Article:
Hay Belly!

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Hay Belly!

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    02-03-2012, 09:47 PM
Hay Belly!

Ok so my vet said my horse gets "hay belly". I have had her since June now, and it isn't getting any better. Hay belly is when a horse gets really gassy from eating hay and she gets bad. The vet said for me to feed her mostly feed like Strategy and then a little bit of hay. So I did that and gradually weaned her off of so much grain and started to give her more hay. Her belly is getting bad again, so I started giving her more feed and less hay again. Is there an alternative I can do like a type of gas-x for horses? I am so worried she is going to get gas colic!
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    02-03-2012, 11:11 PM
You're doing more harm by limited her hay. Hay is necessary and you should never be feeding more concentrates than hay to an otherwise healthy horse. How good is your hay? If it's mature, she could be having more trouble processing it. Look for a more immature, lower fiber, higher quality hay. If her forage is straight grass, replace part of it with alfalfa. Alfalfa will be lower in fiber. Have you tried adding a pre/probiotic daily to her diet? Is she turned out 24/7? The gentle strolling will help the digestion process.
caseymyhorserocks likes this.
    02-03-2012, 11:18 PM
In all of my years of feeding........grazing and hay is first and foremost. If this is addressed everything else falls into place. Horses are meant to forage.
    02-03-2012, 11:25 PM
Had a old gelding that looked pregnant all the time, he had a super narrow chest and with exercise seemed to help greatly. Rode him 3 times a week and it seemed to dissapear. He was turned out 24/7 and had grass and roundbales with 2 scoops strategy a day. He was with about 7 other horses all that food wasn't for him.
    02-03-2012, 11:26 PM
Have you tried putting her hay into a slow feeder? That'll help make her food more regulated, less gas and less food in her stomach at one time so it's a healthier and more natural routine. You could also do stretches, just like with people it helps for a horse to stretch out to get out the "kinks" so to speak. It's not uncommon for my mare to fart after a light warm up
caseymyhorserocks likes this.
    02-04-2012, 12:21 AM
Is the pasture too lush maybe? Or the hay too easy to eat? I spread my hay and if the grass in the field is too long and thick, I limit the amount of time in that particular field and move to a more "worn" field. 1. This keeps my fields nicer, 2. Limits hay belly because in the "worn" field the horse has to move around more to get the forage they need. I agree that only in exceptional circumstances should hay be limited. Perhaps she is missing in some nutrient that aids in digestion? Perhaps she needs more water -- does she drink enough? How much does she urinate?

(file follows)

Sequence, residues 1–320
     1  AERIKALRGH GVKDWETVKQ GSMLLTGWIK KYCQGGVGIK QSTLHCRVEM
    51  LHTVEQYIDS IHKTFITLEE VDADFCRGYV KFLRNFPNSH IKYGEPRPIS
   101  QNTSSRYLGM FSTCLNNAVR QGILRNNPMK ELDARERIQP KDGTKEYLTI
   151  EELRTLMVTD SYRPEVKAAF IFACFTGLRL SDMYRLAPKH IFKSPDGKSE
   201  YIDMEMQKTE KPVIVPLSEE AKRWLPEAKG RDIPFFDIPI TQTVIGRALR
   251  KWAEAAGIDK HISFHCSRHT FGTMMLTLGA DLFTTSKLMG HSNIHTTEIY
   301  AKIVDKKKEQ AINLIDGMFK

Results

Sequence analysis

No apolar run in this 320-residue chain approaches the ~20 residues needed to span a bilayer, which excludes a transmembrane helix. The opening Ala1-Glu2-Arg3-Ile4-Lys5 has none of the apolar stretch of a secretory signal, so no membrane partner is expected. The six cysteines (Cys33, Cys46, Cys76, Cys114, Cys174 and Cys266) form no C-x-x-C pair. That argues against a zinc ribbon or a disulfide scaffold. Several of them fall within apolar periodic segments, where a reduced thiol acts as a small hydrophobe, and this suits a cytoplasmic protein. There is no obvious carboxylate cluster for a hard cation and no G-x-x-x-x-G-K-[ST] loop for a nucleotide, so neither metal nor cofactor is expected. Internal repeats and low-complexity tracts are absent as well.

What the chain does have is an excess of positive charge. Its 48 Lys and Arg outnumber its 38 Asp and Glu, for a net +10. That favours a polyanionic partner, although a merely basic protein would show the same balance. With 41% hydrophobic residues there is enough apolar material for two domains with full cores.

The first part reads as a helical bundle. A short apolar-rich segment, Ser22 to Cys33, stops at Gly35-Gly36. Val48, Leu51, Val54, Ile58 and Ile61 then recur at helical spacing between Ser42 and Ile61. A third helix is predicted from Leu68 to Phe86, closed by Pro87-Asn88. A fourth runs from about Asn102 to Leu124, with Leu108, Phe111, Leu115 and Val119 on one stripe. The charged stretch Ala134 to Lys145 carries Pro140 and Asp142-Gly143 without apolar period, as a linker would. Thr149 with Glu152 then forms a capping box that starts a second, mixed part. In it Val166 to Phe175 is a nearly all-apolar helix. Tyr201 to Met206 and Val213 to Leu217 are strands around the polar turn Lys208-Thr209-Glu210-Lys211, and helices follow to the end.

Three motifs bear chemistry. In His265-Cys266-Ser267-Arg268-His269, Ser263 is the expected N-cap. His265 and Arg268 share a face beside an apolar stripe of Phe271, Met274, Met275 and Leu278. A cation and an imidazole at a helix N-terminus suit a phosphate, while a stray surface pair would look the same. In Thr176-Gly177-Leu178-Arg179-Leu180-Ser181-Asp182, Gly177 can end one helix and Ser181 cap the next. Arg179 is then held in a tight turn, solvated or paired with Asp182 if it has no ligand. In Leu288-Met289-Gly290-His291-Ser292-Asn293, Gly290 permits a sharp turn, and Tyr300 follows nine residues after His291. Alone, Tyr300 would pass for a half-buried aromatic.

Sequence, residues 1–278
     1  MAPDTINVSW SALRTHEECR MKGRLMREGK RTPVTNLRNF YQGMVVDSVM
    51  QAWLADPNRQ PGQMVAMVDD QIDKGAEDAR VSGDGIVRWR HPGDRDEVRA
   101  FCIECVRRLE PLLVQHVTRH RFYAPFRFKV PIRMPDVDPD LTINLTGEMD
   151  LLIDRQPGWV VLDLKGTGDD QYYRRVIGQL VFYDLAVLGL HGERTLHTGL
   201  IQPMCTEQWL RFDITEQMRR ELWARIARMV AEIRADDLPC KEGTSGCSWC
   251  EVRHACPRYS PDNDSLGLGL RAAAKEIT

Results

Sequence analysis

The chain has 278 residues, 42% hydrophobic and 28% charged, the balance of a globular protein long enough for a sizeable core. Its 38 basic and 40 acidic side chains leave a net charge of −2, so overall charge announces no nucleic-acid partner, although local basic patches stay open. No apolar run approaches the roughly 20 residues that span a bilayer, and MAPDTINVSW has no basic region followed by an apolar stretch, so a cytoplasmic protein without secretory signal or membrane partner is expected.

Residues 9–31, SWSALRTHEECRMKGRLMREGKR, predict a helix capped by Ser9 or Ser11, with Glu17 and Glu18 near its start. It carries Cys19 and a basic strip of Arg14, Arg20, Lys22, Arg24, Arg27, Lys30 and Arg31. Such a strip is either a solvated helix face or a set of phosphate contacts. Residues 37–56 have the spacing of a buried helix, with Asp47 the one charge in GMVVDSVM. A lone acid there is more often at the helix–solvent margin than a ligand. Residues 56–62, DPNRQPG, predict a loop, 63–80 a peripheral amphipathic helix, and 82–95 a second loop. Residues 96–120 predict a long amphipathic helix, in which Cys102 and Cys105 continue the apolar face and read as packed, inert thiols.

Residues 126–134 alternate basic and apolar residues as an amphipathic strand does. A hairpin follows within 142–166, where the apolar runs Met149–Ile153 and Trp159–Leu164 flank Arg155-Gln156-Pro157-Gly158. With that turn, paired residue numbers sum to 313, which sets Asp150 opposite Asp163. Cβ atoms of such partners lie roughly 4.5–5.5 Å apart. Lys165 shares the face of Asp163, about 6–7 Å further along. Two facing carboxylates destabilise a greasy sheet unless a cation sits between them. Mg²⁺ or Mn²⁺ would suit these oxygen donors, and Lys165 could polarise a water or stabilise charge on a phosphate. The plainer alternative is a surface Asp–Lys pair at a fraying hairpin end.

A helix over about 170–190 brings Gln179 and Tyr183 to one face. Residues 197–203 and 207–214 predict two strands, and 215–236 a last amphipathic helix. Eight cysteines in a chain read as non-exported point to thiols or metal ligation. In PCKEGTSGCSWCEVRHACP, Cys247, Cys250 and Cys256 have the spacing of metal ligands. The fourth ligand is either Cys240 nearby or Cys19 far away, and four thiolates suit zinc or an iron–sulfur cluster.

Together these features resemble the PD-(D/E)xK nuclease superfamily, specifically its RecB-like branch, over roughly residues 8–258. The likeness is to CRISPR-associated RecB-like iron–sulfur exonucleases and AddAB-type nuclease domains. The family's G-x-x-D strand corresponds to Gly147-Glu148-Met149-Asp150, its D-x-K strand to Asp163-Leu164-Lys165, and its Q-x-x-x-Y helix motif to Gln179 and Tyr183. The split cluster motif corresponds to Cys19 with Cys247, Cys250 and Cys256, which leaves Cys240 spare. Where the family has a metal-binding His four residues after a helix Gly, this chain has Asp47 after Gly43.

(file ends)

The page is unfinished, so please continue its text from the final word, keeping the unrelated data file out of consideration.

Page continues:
02-04-2012, 12:36 AM
Green Broke
Hay belly is caused by eating a lot of lower quality hay. They eat more because they aren't getting enough nutrition. If you can't get better quality hay, feed soaked beet pulp. It's cheaper than those expensive feeds. Also feeding soaked beet pulp helps get needed water into the horse.

A couple of ours had really bad hay bellies the last year we boarded them. A month after we started giving them beet pulp, their bellies went away, even with the poor quality hay.
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    02-04-2012, 09:21 AM
I will definitely try the beetpulp! I will hit a feed store today. She is boarded in more of a run, but I let her out daily to goof off with my friends horses.

As far as the whole hay thing, I always try to spread her hay around her pen as much as possible so she has to act more like she is foraging for it. I'm still feeding her three times a day as the stable master doesn't feed that often, and I don't like how he feeds the horses.

I try to push water for her a lot. Every time I give her her feed I soak it in water so she gets more. I actually don't see her pee or drink very often, but that's because I'm not down there for more then about 2 hours a day or less. (full time college student and 30 hrs/week job)

I ride her usually every other day, more if I had a new saddle. (mine didnt fit so currently in the "in between saddles" phase) But she still gets turned out for about an hour or longer every day.

I will try the beet pulp right away today. Thank you for your help!
    02-04-2012, 12:17 PM
Hay bellies can be from a lack of protein.......do you know what level of protein your hay is .......if it is low quality ....say below 5% then that might be your reason........add some higher quality hay like orchard or alfalfa to get her protein levels up.

Super Nova
    02-04-2012, 01:03 PM
How much beet pulp should I feed her? Im going to start a new feed regimen today by starting with a bit more hay and start the beet pulp with her regular feed to get this goin gradually.

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